In a well-reported decision last week, a New York Court ordered Microsoft to produce emails stored on a server located in Dublin, Ireland. There has already been some very good legal analysis of the opinion, which Microsoft has stated that it will appeal. A key issue, of course, is whether a US-based court should have the ability to order the production of data “located” in a foreign country.
One of the issues with analyzing this problem is the application of old school ideas, like physical location, to electronic information. It’s easy (and convenient) to think about data being stored on a server, which is an actual physical item, and identifying that data as being located in that place.
But unlike actual physical objects, data is easy to copy, and copies often are stored in different places for more convenient access or for data protection and backup purposes. It’s likely that the email messages in Dublin were replicated several times, possibly on backup media such as a tape or on a backup server (both of which are physical items).
However, unlike physical objects, many people can have “access” to data at the same time, and physical proximity is generally not very important to that access. So while only people located near the server in Dublin can physically touch that server, there are likely dozens or hundreds of people throughout the world with the ability to access the server and read the data stored there. The only constraint to that access is having the security credentials to access it.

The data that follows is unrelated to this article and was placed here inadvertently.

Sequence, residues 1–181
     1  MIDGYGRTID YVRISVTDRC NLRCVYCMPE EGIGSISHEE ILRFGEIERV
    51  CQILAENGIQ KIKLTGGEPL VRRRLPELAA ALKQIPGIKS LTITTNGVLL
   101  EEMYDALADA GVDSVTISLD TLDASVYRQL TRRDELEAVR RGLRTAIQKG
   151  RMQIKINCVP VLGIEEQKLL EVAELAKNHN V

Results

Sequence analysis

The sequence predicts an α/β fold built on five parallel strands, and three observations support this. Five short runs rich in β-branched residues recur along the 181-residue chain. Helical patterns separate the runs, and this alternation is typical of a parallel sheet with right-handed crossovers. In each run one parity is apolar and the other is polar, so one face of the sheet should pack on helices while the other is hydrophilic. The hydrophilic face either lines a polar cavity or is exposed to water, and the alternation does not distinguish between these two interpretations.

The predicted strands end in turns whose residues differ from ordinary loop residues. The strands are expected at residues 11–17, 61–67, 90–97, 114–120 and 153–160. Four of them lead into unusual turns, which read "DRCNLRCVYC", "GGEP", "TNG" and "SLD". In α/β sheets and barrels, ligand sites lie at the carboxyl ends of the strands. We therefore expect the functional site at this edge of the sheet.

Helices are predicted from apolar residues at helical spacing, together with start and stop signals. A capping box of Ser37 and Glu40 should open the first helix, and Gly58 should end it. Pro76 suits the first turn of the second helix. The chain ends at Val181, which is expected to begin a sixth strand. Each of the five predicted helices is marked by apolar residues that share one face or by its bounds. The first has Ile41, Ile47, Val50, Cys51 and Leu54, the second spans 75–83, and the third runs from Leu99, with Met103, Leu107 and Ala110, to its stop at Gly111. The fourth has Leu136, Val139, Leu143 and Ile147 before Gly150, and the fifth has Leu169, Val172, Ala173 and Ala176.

Conversely, it’s easy to turn the idea of physical access on its head. Even if you were standing next to the Dublin server, you would not have access to its data without proper credentials. Thus, even assuming that a court with jurisdiction could order to you to “get” the server, you might not have any ability to actually deliver the data stored on it. In fact, with the right security and encryption, it’s possible to limit access to that information to just one person in the entire world!
The law changes slowly, and for good reason. But until we have a better legal framework for analyzing electronic data issues, cases like the Dublin server will be difficult to predict and explain under our current legal structures.